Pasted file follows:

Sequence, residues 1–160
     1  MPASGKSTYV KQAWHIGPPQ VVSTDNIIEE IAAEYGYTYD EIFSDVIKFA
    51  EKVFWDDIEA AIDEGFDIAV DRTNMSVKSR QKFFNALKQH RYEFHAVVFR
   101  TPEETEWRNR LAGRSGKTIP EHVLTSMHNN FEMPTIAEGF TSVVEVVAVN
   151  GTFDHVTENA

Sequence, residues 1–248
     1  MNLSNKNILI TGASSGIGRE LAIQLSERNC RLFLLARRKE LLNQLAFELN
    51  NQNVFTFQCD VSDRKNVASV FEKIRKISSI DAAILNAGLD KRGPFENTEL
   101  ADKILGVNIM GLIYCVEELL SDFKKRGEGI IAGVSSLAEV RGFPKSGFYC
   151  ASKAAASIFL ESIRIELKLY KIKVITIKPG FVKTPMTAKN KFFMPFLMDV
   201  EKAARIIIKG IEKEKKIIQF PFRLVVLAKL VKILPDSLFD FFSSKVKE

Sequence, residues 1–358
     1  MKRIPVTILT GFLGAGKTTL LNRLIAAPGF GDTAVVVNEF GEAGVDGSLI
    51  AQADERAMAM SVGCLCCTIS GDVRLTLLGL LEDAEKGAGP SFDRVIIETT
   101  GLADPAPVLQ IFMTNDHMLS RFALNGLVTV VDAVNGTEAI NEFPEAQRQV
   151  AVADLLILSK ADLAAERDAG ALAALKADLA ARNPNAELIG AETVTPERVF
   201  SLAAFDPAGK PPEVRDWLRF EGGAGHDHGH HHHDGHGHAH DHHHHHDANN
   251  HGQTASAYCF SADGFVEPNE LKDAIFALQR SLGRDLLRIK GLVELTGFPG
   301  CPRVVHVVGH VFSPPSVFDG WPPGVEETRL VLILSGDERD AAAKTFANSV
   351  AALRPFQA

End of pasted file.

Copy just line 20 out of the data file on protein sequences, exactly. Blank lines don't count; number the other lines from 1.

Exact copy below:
   351  AALRPFQA